The authors acknowledge Cathy Royer, Neurosciences Centre, University of Strasbourg, for all her kindly support on TEM characterization.
[1.] A.K. Geim and K.S. Novoselok, Nat. Mater., 6, 183 (2007).
[2.] S. Park and R.S. Ruoff, Nat. Nanotechnol., 4, 217 (2009).
[3.] R. Sengupta, M. Bhattacharya, S. Bandyopadhyay, and A.K. Bhowmick, Prog. Polym. Sci., 36, 638 (2011).
[4.] S. Stankovich, D.A. Dikin, G.H.B. Dommett, K.M. Kohlaas, E.J. Simney, E.A. Stach, R.D. Piner, S.T. Nguyen, and R.S. Ruoff, Nature, 442, 282 (2006).
[5.] T. Ramanathan, A.A. Abdala, S. Stankovich, D.A. Dikin, M. Herrera-Alonso, R.D. Piner, D.H. Adamson, H.C. Schniepp, X. Chen, R.S. Ruoff, S.T. Nguyen, I.A. Aksay, R.K. Prud'homme, and L.C. Brinson, Nat. Nanotechnol., 3, 327 (2008).
[6.] P. Steurer, R. Wissert, R. Thomann, and R. Mulhaupt, Macromol Rapid Commun., 30, 316 (2009).
[7.] F.M. Ohl, Q. Yao, and C.A. Wilkie, Polym. Adv. Technol., 16(7), 533 (2005).
[8.] M. Muriaru, A.L. Dechief, L. Bonnaud, Y. Paint, A. Gallos, G. Fontaine, S. Bourbigot, and P. Dubbois, Polym. Degrad. Stab., 95(5), 889 (2010).
[9.] A.A. Katbab, A.N. Hrymak, and K. Kasmadjian, J. Appl. Polym. Sci., 107, 3425 (2008).
[10.] H. Kim and C.W. Macosko, Polymer, 50, 3797 (2009).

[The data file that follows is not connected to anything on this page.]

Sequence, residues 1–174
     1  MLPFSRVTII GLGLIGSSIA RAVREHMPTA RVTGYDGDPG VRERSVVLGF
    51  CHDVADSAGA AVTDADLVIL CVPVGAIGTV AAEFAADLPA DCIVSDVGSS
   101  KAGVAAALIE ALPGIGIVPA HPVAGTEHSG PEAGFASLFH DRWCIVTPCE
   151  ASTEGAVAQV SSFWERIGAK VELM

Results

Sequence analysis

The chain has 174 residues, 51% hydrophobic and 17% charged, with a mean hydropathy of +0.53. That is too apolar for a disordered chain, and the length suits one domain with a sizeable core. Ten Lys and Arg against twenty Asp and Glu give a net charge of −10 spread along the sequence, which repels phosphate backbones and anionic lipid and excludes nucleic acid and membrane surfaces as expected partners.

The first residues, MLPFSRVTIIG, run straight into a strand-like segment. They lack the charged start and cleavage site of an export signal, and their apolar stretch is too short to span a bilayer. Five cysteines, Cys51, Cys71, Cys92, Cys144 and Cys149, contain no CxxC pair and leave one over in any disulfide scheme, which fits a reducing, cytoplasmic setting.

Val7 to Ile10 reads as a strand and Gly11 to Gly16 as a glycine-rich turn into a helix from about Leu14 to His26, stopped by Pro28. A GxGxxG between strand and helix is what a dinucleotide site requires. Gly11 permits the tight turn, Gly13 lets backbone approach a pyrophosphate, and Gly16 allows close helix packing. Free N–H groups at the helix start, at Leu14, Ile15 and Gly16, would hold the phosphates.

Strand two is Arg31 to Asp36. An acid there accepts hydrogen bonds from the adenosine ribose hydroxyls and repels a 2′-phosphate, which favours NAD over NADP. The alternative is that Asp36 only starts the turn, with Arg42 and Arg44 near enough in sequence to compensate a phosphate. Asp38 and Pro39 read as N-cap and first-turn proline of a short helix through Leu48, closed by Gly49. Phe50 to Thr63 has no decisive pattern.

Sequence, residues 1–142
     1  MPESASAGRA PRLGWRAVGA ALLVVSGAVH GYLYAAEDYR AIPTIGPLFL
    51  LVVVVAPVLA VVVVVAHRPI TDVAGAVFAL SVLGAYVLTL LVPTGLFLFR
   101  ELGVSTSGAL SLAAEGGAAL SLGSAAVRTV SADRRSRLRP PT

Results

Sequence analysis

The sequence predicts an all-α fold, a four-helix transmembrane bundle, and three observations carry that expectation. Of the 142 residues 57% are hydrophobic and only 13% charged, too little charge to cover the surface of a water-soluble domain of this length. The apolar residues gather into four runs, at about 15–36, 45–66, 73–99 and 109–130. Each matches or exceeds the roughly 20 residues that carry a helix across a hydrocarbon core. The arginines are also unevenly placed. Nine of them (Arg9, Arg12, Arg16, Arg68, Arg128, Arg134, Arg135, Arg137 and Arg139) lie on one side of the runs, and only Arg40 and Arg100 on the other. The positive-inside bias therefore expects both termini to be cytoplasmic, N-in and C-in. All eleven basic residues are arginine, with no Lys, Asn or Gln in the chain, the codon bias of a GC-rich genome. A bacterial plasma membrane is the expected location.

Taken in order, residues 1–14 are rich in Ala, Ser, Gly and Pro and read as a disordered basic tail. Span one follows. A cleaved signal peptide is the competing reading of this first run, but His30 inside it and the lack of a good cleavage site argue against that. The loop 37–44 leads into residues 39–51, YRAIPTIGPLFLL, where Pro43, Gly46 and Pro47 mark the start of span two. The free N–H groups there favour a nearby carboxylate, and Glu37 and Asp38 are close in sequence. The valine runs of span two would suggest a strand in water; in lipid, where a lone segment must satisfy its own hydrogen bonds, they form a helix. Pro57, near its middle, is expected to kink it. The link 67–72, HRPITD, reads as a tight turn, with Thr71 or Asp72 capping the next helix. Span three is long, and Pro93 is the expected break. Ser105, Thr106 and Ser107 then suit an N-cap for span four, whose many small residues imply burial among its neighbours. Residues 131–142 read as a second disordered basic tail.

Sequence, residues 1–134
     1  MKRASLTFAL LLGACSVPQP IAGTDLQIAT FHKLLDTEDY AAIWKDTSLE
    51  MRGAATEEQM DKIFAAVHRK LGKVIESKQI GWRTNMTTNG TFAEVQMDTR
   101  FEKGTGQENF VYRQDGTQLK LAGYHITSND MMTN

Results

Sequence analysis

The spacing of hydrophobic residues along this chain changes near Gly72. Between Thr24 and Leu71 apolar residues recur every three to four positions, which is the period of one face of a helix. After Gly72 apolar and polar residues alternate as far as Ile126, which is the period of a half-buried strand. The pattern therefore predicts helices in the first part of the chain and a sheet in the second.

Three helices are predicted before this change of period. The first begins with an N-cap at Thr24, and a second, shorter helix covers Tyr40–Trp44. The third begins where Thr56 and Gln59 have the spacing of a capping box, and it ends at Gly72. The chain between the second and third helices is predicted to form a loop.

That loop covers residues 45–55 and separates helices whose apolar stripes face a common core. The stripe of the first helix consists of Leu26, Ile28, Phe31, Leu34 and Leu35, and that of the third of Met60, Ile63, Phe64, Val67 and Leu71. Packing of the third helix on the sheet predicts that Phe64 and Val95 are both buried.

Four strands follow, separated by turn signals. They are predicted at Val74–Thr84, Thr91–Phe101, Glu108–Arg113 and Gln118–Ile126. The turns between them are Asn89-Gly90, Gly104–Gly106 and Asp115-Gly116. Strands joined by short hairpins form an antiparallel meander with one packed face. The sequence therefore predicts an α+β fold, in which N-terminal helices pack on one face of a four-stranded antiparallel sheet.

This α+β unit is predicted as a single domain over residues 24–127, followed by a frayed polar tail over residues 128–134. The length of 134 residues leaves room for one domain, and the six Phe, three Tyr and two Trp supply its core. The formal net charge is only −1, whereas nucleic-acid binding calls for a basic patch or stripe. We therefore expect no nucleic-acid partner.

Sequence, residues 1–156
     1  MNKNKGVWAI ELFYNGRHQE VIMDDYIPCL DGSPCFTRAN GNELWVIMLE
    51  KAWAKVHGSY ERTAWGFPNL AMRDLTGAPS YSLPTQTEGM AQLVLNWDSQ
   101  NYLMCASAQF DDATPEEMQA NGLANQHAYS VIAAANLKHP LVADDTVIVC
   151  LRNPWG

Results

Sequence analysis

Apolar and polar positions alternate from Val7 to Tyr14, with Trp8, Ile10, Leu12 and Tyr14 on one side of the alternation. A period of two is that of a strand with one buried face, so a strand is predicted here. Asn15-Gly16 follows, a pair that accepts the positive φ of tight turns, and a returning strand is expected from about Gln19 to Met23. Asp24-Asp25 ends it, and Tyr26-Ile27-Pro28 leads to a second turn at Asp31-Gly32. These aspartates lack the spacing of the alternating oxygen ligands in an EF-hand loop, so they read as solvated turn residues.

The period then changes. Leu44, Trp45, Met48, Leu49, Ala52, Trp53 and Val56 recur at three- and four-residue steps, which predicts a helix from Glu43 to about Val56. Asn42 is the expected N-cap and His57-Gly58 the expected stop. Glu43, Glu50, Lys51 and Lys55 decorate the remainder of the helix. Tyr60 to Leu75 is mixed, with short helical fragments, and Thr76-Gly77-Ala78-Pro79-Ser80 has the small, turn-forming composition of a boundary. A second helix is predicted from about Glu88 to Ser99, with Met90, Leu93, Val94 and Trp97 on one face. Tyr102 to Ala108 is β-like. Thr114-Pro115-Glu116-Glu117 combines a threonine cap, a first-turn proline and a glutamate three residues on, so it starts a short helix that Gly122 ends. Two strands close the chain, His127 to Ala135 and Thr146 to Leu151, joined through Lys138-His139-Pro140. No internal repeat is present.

[11.] Y.F. Zhao, M. Yiao, S.J. Wang, X.C. Ge, and Y.Z. Meng, Compos. Sci. Technol., 67, 2528 (2007).
[12.] C. Rauwendall, Plast. Add. Comp. 1, 4, 21 (1999).
[13.] I. Manas-Zloczower, Z. Tadmor, Eds., Mixing and Compounding of Polymers, Theory and Practice, 2nd ed., Carl Hanser Verlag, Munich (2009).
[14.] M. Meller, A. Luciani, A. Sarioglu, and J.A.E. Manson, Polym. Eng. Sci., 42(3), 611 (2002).
[15.] J.M. Hausman, U.S. Patent, 2,948,920 (1960).
[16.] R.F. Westover, Soc. Plast. Eng. Trans. 1, 14 (1961).
[17.] M.R. Mackley, R.T.J. Marshall, and J.B.A.F. Smeulders, J. Rheol., 39, 1293 (2005).
[18.] Y. Son, J. Appl. Polym. Sci., 112, 609 (2009).
[19.] M. Bouquey, C. Loux, R. Muller, and G. Bouchet, J. Appl. Polym. Sci., 119, 482 (2010).
[20.] K. Madhavan Nampoothiri, N. Rajendran Nair, and R. Pappy John, Bioresour. Technol., 101, 8493 (2010).
[21.] Q. Meng, M.C. Hezvey, and P.J. Carreau, Polym. Degrad. Stab., 97, 2010 (2012).
[22.] M. Tait, A. Pergoretti, A. Dorigato, and K. Kalaitzidou, Carbon, 49, 4280 (2011).
[23.] F. Cordari, S. Lazzari, M. Soos, G. Storti, M. Morbidelli, and D. Moscatelli, Polym. Degrad. Stab., 97(11), 2460 (2012).